About August 11, the various military units joined forces and descended Big Creek. Traveling was difficult and the military lost many horses on the precipitous trails. An Indian village was destroyed at Soldier Bar. In a surprise attack there by the Indians, on August 20, Private Harry Eagan was wounded in the thighs, died during an operation to amputate, and was buried on the spot. A monument was later erected to mark his grave and the site of the engagement. Soldier Bar is in the Big Creek drainage west of the Salmon Forest.
By this time the soldiers' rations were running low and many horses and mules were exhausted and had to be shot. Bernard and Catley and their men returned to their bases. Farrow and his scouts continued, sustained by food discovered in Indian food caches. On September 17, Farrow's men captured two squaws, a papoose and a small boy near what is now called Papoose Creek (Middle Fork drainage). An older Indian boy escaped. The squaw with the papoose helped arrange a parley and subsequent surrender of 51 Indians, mostly Sheepeaters, by October 1. Their arms consisted of eight guns: two Henry carbines; one Sharp's carbine; one Springfield carbine, calibre .45; one Springfield breech-loading rifle, calibre .50; two muzzle-loading rifles, and one double-barrelled shot gun. The prisoners were taken to Vancouver barracks, and the following year were sent to the Fort Hall, Idaho, Reservation.1 Other Sheepeaters eluded the Army, and a few families continued to live their ancient way of life in the mountain fastness for a few more years.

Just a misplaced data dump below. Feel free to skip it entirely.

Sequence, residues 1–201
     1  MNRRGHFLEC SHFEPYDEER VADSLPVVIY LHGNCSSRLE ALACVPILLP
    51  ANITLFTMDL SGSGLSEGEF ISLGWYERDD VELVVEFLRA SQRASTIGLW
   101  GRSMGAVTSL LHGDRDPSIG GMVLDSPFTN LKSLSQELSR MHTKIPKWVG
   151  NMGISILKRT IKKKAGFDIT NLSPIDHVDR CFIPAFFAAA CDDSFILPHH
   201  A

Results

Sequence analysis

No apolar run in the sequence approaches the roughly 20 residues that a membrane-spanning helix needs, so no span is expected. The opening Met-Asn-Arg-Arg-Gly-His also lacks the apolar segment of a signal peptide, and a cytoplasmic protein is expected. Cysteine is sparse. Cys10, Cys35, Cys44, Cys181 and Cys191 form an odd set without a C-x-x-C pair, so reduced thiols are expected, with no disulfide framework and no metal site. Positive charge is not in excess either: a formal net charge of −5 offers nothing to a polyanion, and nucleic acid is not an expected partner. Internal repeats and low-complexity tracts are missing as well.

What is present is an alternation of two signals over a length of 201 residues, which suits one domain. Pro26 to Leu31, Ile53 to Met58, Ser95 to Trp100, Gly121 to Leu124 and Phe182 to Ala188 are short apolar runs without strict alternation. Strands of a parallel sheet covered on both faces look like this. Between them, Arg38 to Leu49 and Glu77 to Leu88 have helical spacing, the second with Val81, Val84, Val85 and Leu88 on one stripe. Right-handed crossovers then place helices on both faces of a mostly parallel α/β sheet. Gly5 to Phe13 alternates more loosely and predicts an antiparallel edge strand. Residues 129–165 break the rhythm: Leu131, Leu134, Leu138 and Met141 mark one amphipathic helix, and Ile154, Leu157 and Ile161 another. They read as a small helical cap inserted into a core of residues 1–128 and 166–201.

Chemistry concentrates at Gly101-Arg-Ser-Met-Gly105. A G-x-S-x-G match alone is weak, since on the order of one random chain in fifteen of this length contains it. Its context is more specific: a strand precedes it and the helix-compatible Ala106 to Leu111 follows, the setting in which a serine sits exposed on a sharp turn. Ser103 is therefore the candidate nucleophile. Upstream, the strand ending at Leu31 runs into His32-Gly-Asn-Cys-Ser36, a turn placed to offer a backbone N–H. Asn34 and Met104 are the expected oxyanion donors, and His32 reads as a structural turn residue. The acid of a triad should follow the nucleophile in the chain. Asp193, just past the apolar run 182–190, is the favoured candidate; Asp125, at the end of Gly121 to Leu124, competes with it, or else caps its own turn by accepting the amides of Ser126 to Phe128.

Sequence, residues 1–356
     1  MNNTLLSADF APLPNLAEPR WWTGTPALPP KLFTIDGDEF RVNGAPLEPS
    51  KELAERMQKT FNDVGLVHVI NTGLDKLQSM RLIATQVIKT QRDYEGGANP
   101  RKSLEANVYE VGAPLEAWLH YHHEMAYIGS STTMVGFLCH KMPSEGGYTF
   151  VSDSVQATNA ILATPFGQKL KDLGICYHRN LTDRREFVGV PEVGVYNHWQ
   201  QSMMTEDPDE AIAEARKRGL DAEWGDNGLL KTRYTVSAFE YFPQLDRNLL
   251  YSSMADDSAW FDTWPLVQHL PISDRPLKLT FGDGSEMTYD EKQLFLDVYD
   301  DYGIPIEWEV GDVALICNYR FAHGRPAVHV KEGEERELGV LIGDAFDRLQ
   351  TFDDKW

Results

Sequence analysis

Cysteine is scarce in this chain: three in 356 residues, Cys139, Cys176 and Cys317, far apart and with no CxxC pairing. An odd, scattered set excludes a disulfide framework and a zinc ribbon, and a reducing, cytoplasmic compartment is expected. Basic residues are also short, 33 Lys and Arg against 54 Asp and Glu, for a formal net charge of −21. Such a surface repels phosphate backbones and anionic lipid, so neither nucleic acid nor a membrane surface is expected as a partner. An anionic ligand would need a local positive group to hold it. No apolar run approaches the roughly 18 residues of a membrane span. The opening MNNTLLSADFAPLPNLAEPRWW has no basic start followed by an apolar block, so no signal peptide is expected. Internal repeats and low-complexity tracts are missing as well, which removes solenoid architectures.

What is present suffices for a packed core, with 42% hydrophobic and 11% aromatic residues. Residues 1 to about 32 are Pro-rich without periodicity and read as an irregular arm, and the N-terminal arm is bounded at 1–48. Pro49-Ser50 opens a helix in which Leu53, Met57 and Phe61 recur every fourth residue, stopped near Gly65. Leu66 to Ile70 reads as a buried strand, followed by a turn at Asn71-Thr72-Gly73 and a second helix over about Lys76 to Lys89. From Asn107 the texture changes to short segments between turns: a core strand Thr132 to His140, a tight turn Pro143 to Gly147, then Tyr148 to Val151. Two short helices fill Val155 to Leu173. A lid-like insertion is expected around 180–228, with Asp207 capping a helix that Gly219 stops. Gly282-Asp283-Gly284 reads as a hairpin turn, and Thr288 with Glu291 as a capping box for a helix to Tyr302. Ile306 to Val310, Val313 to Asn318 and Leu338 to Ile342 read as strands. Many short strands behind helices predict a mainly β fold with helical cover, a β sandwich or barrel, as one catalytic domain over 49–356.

The Sheepeater Campaign was one of the last "Indian Wars" in the United States.
The Lemhi Indian Reservation consisted of approximately 160 square miles, or roughly the width of the Lemhi River Valley (ridge to ridge) from just below the present Tendoy post office south up the Lemhi River to a line near the Lemhi post office. The Reservation, established in 1875 for Tendoy's mixed band of about 700 Shoshoni, Sheepeater and Bannock, proved impractical. The Government tried to close the Reservation and move the Indians to Fort Hall.
In 1880, Tendoy of the Lemhis, Gibson Jack and Captain Jim of the Fort Hall Shoshoni, and Tyhee of the Bannock were sent to Washington. Tendoy's delegation included Grouse Pete, Jack Tendoy, and Tsidmit. On May 14, 1880, these Indians signed a treaty in Washington which provided among other things for the removal of the Lemhis to Fort Hall. However, "Tendoy's Indians" refused to move. The Indian Commissioner, therefore, recommended to Congress that the portion having to do with the Lemhis be deleted from the treaty. This caused them to forfeit any benefits which they might have received. Thirty-two Lemhis voluntarily moved to Fort Hall two years later, but the benefits specified in the treaty still were not forthcoming.1